What is a Placenta?

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What if I told you that while you when you became pregnant your body developed an organ that you were not born with and would only exist in your body until you gave birth? Your body is a wonderland of miracles and even more so when you are pregnant! During pregnancy your body makes a temporary organ called the placenta. What is a placenta? The placenta is responsible for the growth of your baby while in utero and plays a vital role after your baby is born.

Your Placenta: The Tree of Life
The placenta has been called “The Tree of Life” for its resemblance to an actual tree and it’s literally a giver of life to your baby.

The placenta:

  • Delivers nutrients to your baby
  • Eliminates waste product from your womb
  • Produces pregnancy supporting hormones
  • Delivers oxygen to your baby and removes carbon dioxide
  • Regulates the temperature in your womb
  • Saves your baby from infections by acting like a filter separating the blood of your from your baby.

What can affect the function of the placenta during pregnancy:

  • A fall or any other type of blow to the abdomen
  • Issues with blood clotting
  • Conceiving after the age of 40
  • Multiple pregnancies
  • Surgery in the uterus
  • Membrane rupture
  • High blood pressure

The placenta is attached to your uterus and then branches into an umbilical cord which is attached to your baby. The umbilical cord – which is comprised of two small arteries and a large vein – accomplishes all these life sustaining tasks via your bloodstream.  As a caution, please know that the placenta will deliver ALL substances you induce in your body directly to your baby including drugs, nicotine and alcohol. This just stresses the importance of eating and staying healthy not just for yourself but for the beautiful life you have growing within you.

What Happens After You Deliver the Placenta?

After you give birth, the placenta is expelled by your body usually within 30 minutes after delivery. In our part of the world, doctors typically discard the placenta. Other cultures have revered the placenta for centuries and keep it after the birth. Some bury it in the ground believing it to have spiritual significance while others eat it believing it to have healing and restorative properties.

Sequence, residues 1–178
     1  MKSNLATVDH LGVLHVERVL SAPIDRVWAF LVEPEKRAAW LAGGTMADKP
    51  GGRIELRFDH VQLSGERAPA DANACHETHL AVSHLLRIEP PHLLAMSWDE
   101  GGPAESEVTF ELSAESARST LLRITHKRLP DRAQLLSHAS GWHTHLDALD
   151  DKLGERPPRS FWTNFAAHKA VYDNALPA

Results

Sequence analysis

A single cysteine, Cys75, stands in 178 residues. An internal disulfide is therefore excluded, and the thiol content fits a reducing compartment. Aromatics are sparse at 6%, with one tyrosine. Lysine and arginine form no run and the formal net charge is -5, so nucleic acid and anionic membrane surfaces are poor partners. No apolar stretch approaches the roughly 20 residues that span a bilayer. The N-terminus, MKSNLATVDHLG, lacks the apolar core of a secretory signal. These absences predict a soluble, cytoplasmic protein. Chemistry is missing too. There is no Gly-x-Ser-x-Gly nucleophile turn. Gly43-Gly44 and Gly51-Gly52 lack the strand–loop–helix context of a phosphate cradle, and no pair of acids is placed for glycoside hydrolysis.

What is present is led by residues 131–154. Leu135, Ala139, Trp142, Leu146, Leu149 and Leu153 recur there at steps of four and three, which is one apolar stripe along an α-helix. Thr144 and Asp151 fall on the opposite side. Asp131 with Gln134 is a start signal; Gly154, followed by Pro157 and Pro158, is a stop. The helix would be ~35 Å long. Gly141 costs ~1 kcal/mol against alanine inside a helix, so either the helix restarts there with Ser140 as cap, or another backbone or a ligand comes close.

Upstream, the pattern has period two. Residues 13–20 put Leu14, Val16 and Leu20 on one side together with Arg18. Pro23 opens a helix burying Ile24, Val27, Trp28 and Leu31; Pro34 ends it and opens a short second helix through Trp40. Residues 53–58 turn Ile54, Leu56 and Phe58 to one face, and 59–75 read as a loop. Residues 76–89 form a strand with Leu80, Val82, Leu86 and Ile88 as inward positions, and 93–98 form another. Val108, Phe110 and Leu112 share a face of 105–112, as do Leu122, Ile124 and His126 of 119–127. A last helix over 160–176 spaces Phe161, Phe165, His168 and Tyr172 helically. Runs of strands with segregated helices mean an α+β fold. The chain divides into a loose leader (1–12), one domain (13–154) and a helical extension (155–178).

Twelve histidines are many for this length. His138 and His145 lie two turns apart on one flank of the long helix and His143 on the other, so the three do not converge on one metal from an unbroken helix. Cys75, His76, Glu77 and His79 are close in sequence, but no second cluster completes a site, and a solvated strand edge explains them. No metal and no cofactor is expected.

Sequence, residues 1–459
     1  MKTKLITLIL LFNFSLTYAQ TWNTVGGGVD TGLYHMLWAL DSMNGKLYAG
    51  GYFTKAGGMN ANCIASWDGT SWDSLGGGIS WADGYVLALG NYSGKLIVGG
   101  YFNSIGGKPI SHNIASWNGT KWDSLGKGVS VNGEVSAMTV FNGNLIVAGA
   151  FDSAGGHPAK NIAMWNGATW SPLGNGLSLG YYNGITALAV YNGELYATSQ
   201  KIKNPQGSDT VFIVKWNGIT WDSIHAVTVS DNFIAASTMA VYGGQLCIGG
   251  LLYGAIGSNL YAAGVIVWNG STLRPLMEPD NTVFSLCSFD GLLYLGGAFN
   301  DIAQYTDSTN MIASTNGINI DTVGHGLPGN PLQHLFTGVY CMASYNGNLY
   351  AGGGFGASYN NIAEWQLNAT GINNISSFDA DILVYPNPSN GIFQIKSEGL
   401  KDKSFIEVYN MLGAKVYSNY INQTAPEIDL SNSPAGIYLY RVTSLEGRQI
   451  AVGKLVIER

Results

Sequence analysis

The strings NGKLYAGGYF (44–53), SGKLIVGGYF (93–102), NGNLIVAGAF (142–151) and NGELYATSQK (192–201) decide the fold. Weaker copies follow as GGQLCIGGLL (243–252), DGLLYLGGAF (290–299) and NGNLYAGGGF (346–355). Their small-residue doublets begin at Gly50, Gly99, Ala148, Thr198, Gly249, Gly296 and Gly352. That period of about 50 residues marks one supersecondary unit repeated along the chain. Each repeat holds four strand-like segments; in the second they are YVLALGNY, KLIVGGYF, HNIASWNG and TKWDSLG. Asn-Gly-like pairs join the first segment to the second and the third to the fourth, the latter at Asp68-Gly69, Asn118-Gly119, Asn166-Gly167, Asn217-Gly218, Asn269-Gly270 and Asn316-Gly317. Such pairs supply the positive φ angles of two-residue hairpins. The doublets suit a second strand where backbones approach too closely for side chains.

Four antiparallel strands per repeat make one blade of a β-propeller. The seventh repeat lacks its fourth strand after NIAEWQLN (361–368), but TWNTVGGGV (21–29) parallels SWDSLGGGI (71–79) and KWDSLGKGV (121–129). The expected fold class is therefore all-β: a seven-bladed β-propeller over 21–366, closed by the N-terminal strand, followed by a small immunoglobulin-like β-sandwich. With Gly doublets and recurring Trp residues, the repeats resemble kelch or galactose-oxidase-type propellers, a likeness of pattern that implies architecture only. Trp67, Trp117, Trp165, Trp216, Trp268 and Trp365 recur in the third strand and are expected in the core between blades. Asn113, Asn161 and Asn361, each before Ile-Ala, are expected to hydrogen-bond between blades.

Eating Your Placenta

This practice is called human placentophagy and is becoming popular in the Western culture. You can now have the placenta freeze dried then put inside capsules that you swallow the way you would normally take oral medicines or vitamins.

Improved Mood?

There was a very small study done that showed that eating the freeze dried placenta would increase lactation among other things.  While it has never been scientifically proven, women that have eaten the placenta reported that:

  • Their mood was improved
  • They felt “balanced”
  • They noticed improved lactation while they were breastfeeding

Some celebrities such as January Jones and Alicia Silverstone have even jumped on the placenta eating band wagon!  This does not go without controversy however as some see eating the placenta as a form of cannibalism.

Common Placental Problems

  • Placental abruption (abruptio placentae). If the placenta peels away from the inner wall of the uterus before delivery — either partially or completely — it is a placental abruption. Most noteworthy, it might deprive the baby of oxygen and nutrients. Early delivery may be needed in some cases.
  • Placenta previa. When the placenta partially or totally covers the cervix, this is called placenta previa. Placenta previa is more common early in pregnancy and might resolve as the uterus grows. A C-section delivery might be required if the placenta previa is present at the time of delivery.
  • Placenta accreta. This condition occurs when the blood vessels of the placenta grow too deeply into the uterine wall. Placenta accreta causes vaginal bleeding during the third trimester of pregnancy and severe blood loss after delivery. Treatment might require a C-section delivery followed by surgical removal of the uterus (abdominal hysterectomy).
  • Retained placenta. This happens if the placenta isn’t out of the body within 30 to 60 minutes after childbirth. A retained placenta as a result can cause severe infection or life-threatening blood loss in the mother.

Delivering The Placenta
If you deliver your baby vaginally you will naturally deliver the placenta the same way — known as the third stage of labor. After you give birth, you’ll continue to have mild contractions. Your doula, midwife, husband etc..  can massage your belly to encourage your uterus to contract and expel the placenta. The placenta usually comes out with some blood from five minutes to 30 minutes after giving birth.

Your placenta needs to be intact. Any remaining fragments are removed from the uterus to prevent bleeding and infection.

Cord Blood
Within the placenta and the attached umbilical cord is lifesaving gold – cord blood! The blood contained therein contains stem cells that are used to treat genetic and hematopoietic disorders. The best news is that this does not involving ingesting anything!

To learn more about cord blood banking please click here